By Jay Hansen
A committee in the Oklahoma House of Representatives just recently passed a bill that would allow local governments to ban smoking in public places. I wanted to put the news story up on my website, but didn’t have the room because it was such a large news day. Interestingly enough, though, that was also the day I started doing research for my piece on Rick Santorum. In my research, I came across a new series of videos on YouTube sponsored by a libertarian organization known as Learn Liberty (here’s their YouTube channel), and specifically, I found one about bans on public smoking. Here’s the exact video:
At first, like most libertarian arguments I hear, it made a lot of sense. After I took some time to think about it, though, there were a few key elements with which I took issue. In this video, Professor Aeon Skoble’s (the narrator) main argument is that businesses like bars and restaurants are private property that belongs to the business owner, and therefore, bans on “public” smoking shouldn’t extend to them and restrict freedom.
First of all, we already have laws that differentiate private residential property from private commercial or for-profit property. Even if a certain location affected by this ban doesn’t count as commercial, this fact still goes to show that the law already makes distinctions between businesses and private residences in terms of government involvement and regulation. Libertarians may disagree with that philosophy entirely, but there’s good reason why we do. For example, we, as a society, have decided that we will not tolerate racial discrimination in our businesses or public places. The government directly told businesses they cannot discriminate based on race in the Civil Rights Act of 1964. Many libertarians, such as Senator Rand Paul (a rumored Vice Presidential pick for Mitt Romney in 2012), believe this part of the Civil Rights Act and the desegregation movement is wrong based on this principle that the government should never get involved in any way with private citizens and what they do with their property.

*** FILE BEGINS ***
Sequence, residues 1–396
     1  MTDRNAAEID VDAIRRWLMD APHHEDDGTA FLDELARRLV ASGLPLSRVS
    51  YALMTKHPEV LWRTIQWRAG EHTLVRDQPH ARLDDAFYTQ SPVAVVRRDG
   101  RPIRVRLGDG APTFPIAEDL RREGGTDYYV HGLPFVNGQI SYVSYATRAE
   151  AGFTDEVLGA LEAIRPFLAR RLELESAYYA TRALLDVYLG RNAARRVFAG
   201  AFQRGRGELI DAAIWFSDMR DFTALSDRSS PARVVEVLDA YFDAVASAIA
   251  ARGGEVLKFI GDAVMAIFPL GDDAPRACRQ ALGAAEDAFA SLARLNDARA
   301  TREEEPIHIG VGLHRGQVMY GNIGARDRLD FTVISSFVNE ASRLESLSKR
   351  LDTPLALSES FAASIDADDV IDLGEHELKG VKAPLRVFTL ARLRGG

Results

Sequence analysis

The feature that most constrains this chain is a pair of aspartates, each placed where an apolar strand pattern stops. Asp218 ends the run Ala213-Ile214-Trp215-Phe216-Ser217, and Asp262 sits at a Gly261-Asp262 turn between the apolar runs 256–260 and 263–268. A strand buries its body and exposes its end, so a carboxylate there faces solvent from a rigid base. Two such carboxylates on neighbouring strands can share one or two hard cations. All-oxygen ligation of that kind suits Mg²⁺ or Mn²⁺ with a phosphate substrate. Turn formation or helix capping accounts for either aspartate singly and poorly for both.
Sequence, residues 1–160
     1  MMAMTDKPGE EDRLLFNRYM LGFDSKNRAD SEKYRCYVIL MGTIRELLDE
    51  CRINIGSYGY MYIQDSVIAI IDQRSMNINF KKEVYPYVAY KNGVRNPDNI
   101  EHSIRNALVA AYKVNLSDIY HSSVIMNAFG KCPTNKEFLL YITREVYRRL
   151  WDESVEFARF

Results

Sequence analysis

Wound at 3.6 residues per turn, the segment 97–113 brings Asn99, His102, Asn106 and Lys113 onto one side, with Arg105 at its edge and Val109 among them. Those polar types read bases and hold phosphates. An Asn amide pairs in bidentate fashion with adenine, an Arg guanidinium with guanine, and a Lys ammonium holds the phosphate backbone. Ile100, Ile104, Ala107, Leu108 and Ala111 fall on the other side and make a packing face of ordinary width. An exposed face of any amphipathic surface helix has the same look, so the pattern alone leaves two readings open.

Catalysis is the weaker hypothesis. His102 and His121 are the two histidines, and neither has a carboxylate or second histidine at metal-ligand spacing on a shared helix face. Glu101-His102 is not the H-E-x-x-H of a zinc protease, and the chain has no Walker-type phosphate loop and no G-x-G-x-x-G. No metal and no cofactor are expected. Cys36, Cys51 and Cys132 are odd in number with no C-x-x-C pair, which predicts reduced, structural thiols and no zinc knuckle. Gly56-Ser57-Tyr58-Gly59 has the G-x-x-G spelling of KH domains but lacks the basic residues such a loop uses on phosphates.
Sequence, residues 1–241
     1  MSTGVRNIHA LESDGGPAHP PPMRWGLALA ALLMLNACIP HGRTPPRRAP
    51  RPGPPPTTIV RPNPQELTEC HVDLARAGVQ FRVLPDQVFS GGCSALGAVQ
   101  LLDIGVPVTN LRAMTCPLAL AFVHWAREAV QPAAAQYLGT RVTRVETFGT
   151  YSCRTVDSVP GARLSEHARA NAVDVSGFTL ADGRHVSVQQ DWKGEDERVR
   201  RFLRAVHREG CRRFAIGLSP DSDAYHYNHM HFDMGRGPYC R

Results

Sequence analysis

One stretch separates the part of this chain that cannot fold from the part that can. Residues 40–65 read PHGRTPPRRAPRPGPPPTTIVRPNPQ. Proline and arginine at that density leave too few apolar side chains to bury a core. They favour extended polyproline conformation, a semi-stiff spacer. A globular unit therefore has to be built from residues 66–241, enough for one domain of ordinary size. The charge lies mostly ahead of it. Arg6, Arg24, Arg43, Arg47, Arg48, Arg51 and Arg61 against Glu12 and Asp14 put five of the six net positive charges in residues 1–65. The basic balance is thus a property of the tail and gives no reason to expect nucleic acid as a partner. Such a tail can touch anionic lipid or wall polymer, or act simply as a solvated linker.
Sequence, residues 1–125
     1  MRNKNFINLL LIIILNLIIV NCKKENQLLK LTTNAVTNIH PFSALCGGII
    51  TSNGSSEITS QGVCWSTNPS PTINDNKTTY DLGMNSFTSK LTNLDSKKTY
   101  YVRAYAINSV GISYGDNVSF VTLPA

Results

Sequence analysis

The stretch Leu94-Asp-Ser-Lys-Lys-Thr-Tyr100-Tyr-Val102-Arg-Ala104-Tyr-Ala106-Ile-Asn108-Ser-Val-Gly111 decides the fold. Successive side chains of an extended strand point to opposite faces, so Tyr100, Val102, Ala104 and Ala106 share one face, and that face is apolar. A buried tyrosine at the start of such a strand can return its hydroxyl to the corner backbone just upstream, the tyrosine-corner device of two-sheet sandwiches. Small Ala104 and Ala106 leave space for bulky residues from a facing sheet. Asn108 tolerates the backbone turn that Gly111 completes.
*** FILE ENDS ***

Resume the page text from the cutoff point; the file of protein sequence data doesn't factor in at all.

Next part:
When running for office in 2010, Paul said “I don’t like the idea of telling private business owners [what to do]… I think it’s a bad business decision to ever exclude anybody from your restaurant (referring to racial discrimination), but at the same time I do believe in private ownership.”